From Golden Age to the Silicon Age of retail
Tuesday, June 12, 2018/
There’s little or no jobs growth in physical retail any more. Last month, Toys ‘R’ Us became the latest large retailer to put hundreds of jobs at risk. This month $1 in every $20 we spent was online. The Silicon Age of retail is here.
Sam Walton, Archie Norman, Howard Schulz, the Albrecht brothers, Ingvar Kamprad and, latterly, Ron Johnson: through the 1980s and early 2000s, these names became synonymous with successful and growing retail throughout the last international Golden Age of physical retail. These founding leaders of Walmart, ASDA, Starbucks, Aldi, Ikea and Apple Retail successfully built world class retailers.
In Australia, our list of founding retailers of that era would include Gerry Harvey, Richard Uechtritz and Jack Cowin; regionally we’d recognise Fred Shahin in South Australia. These retail business founders created Harvey Norman, JB HiFi and Hungry Jacks. Fred Shahin founded Peregrine in Adelaide, which owns the OTR convenience brand and much more.
The important thing about all of these retailers is that they created hundreds of thousands of jobs in every community they retailed in. Moreover, the jobs they created were at every level of life in those communities. From hourly-paid part-time and casual jobs through to store and regional managers, and up to very highly paid executives. Physical retail creates a wide geographical spread of jobs on a wide range of income bands.
You can launch a product into a country with a single country manager, but to retail you have to get on the ground and into the communities. Well, you did, until the last Golden Age of retail was replaced by the Silicon Age of retail.
I’m a big fan of change: it drives renewal and improvement, and opportunities for the young and young in mind. However, in that positive process it also delivers negative outcomes to many. Stagnation in wage growth and career opportunity, less diversity and fun at work, and eventually job losses. As an individual, these challenges are workable if you live close to a major town or city; if you’re out in the country, however, each time a store closes five equivalent full-time employees (or maybe 10 part time employees) and their families’ sources of income are taken away.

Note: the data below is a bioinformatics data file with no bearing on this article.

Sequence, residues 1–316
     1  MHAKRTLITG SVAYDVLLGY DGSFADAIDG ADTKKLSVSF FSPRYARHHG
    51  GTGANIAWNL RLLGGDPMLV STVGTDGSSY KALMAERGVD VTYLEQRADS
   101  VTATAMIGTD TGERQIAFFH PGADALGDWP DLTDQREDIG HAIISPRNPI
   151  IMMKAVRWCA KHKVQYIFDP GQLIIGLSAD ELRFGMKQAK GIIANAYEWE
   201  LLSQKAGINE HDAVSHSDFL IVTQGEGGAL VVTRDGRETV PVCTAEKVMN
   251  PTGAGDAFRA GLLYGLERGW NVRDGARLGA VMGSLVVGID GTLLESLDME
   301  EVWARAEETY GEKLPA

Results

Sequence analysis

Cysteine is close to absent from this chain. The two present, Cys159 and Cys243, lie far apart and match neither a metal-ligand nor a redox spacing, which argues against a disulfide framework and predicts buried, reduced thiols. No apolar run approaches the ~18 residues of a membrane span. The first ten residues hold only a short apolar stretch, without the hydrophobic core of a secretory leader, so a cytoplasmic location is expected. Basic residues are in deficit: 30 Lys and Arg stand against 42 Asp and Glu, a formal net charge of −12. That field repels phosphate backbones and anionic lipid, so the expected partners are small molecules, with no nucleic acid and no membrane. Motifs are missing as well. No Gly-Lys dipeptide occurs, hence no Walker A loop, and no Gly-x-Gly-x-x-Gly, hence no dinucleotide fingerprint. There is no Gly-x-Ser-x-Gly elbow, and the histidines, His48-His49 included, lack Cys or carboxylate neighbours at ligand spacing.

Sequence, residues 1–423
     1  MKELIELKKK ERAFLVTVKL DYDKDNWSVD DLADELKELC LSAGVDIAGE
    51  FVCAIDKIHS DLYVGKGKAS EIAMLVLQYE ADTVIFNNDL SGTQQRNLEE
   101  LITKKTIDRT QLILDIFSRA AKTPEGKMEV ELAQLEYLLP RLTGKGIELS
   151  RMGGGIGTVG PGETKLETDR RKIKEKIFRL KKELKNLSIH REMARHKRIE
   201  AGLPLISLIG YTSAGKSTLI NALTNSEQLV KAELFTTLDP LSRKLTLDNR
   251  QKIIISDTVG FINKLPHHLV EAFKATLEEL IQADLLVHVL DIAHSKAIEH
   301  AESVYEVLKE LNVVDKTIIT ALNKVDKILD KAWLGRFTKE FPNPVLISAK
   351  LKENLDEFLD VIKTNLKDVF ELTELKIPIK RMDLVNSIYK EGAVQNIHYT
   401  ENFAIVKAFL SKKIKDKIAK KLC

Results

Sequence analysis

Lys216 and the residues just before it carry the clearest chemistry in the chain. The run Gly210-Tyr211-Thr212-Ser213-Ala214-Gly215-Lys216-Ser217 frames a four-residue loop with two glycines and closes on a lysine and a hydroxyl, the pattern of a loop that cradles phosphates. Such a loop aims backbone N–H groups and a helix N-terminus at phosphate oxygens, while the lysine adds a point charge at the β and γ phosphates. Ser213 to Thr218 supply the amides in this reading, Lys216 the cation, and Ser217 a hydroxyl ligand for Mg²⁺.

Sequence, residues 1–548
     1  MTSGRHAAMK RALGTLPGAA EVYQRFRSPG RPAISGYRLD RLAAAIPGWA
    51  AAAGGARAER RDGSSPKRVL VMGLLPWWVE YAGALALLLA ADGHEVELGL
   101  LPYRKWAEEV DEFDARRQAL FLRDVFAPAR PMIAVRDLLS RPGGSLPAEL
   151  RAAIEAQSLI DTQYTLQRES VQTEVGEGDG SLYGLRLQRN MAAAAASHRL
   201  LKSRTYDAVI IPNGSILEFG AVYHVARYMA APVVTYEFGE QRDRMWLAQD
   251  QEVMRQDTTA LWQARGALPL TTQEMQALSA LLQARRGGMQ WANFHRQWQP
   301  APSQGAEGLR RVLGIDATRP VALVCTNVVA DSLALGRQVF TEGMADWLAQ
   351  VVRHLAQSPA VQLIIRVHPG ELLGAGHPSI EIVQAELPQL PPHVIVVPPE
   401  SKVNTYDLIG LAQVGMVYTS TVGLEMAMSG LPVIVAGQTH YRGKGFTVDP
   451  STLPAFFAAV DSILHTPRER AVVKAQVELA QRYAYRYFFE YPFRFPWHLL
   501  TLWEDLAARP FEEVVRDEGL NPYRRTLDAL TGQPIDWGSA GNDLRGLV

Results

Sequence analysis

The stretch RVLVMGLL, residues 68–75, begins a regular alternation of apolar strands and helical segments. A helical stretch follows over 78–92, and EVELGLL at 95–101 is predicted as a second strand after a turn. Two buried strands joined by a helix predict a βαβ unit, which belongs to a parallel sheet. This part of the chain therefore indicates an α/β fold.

Our key need in the Silicon Age of retail is to create online related jobs and opportunities away from our crowded cities. Everyone who lives in the country loves the choice, ease and low prices that online retail brings. But if you want to buy stuff online and live in the country you need a job to pay for it.
Regional freight airports operating 24-hours a day, logistics parks and data centres can all be built away from Sydney, Melbourne and Brisbane. My hope is that, together, business and government leaders in regional communities will shape plans and policies to create infrastructure and related jobs in our regions. Only then will the Silicon Age of retail be truly inclusive of all its stakeholders.